Led by researchers from Mount Sinai School of Medicine, the drug was tested in three different systems (yeast cells, mice cells, and mammal cells), and each system had an accumulation of alpha-synuclein, a protein that causes neurodegeneration. In all three systems, latrepirdine was able to trigger autophagy, a homeostatic process by which the cells break down their own components. The autophagy decreased the amount of synuclein that built up in the mice’s brains.

In the first study, the researchers found that the drug, by activating autophagy, was able to stop the accumulation of beta-amyloid in the brains of mice with Alzheimer’s disease, and their memories also improved. In addition, it was found that the yeast cells were protected by latrepirdine from the toxicity of alpha-synuclein.

Latrepirdine was approved by Russia in 1983 to be sold as an antihistamine in the country. After being effective in treating animal models with Alzheimer’s disease in the 1990s, it underwent a large Phase II clinical trial in Russia with results showing that it significantly improved cognitive function in Alzheimer’s patients with minimal side effects and was able to maintain that improvement. A Phase III clinical trial was carried out in the United States, but there was so sign of improvement in the Alzheimer’s patients.  Scientists now believe that the trial failed “because of a lack of understanding of how latrepirdine works”.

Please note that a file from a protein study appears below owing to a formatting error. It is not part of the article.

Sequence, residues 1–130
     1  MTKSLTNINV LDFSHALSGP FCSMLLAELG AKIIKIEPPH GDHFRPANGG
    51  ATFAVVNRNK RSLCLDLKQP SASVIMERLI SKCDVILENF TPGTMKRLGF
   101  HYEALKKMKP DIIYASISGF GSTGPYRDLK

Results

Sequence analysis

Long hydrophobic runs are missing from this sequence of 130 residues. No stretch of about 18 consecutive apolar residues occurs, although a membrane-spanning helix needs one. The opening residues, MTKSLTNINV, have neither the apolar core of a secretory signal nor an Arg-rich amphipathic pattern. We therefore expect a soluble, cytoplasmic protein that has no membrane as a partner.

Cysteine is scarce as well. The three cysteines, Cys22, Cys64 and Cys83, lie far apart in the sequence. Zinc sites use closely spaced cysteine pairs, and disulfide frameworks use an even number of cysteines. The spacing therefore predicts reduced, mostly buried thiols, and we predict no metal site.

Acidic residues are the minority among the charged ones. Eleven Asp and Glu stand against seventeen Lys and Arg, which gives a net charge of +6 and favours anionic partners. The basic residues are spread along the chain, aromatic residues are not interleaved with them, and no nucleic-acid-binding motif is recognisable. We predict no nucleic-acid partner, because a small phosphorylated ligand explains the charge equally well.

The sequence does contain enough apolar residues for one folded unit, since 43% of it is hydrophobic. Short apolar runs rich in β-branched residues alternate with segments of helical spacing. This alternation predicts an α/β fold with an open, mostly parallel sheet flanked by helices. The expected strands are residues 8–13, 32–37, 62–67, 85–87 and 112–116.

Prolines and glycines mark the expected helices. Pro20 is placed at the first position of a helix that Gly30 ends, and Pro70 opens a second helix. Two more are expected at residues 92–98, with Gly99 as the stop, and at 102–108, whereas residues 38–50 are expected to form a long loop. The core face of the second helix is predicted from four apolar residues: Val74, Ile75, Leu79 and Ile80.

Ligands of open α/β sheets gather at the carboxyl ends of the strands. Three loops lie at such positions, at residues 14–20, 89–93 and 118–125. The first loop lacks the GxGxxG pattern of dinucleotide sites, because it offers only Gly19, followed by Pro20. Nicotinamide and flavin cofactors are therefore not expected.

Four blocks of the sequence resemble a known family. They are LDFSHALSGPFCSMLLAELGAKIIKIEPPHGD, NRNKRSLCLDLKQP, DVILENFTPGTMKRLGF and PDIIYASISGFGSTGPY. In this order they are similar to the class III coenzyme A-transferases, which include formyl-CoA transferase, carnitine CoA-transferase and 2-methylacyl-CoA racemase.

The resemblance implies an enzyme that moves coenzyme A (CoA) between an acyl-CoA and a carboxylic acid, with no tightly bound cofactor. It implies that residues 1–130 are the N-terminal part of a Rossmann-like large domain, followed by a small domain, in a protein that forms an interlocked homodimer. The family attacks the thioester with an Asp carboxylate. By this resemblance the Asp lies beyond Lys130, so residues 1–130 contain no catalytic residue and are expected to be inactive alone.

Currently, the researchers are seeing if the drug can help treat or prevent Parkinson’s disease, Lewy body dementia, etc, all of which are disorders related to high levels of alpha-synuclein.

Sources: http://www.medicalnewstoday.com/articles/248956.php


Keywords: drug; latrepiridine; alpha-synuclein; Alzheimer’s disease; Parkinson’s disease; research

Wendy Liu

August 14, 2012

Pro-inflammatory cytokine production can be beneficial to the human body, as it is part of the body’s biological response. However, overproduction of these proteins promotes the development of many deteriorating neurological diseases, such as Alzheimer’s disease (AD) and the neurological damages that are aftereffects of traumatic brain injury (TBI) and stroke. High levels of pro-inflammatory cytokines inhibit proper synaptic communication and function, which eventually leads to damages in the cortex and hippocampus of the brain.